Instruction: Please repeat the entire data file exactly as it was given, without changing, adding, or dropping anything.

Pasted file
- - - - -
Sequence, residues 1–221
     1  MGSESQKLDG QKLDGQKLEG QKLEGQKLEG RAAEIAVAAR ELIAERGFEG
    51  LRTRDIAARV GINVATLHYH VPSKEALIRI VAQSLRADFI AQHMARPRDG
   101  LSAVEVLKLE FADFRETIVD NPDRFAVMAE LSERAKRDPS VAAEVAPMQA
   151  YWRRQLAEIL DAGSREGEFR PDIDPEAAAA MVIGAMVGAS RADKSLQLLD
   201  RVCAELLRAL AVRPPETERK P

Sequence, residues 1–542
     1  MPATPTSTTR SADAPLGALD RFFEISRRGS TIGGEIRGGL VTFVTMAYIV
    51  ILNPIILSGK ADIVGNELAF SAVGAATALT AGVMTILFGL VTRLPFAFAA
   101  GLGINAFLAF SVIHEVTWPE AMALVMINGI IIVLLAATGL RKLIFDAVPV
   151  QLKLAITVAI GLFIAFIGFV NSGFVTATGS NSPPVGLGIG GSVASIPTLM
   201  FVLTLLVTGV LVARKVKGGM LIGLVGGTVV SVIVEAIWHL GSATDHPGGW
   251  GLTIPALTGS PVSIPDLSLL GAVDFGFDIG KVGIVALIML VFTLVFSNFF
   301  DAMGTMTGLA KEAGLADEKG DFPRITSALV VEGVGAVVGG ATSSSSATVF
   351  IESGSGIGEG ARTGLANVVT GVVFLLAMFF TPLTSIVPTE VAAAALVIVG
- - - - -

Sequence, residues 1–221
     1  MGSESQKLDG QKLDGQKLEG QKLEGQKLEG RAAEIAVAAR ELIAERGFEG
    51  LRTRDIAARV GINVATLHYH VPSKEALIRI VAQSLRADFI AQHMARPRDG
   101  LSAVEVLKLE FADFRETIVD NPDRFAVMAE LSERAKRDPS VAAEVAPMQA
   151  YWRRQLAEIL DAGSREGEFR PDIDPEAAAA MVIGAMVGAS RADKSLQLLD
   201  RVCAELLRAL AVRPPETERK P

Sequence, residues 1–542
     1  MPATPTSTTR SADAPLGALD RFFEISRRGS TIGGEIRGGL VTFVTMAYIV
    51  ILNPIILSGK ADIVGNELAF SAVGAATALT AGVMTILFGL VTRLPFAFAA
   101  GLGINAFLAF SVIHEVTWPE AMALVMINGI IIVLLAATGL RKLIFDAVPV
   151  QLKLAITVAI GLFIAFIGFV NSGFVTATGS NSPPVGLGIG GSVASIPTLM
   201  FVLTLLVTGV LVARKVKGGM LIGLVGGTVV SVIVEAIWHL GSATDHPGGW
   251  GLTIPALTGS PVSIPDLSLL GAVDFGFDIG KVGIVALIML VFTLVFSNFF
   301  DAMGTMTGLA KEAGLADEKG DFPRITSALV VEGVGAVVGG ATSSSSATVF
   351  IESGSGIGEG ARTGLANVVT GVVFLLAMFF TPLTSIVPTE VAAAALVIVG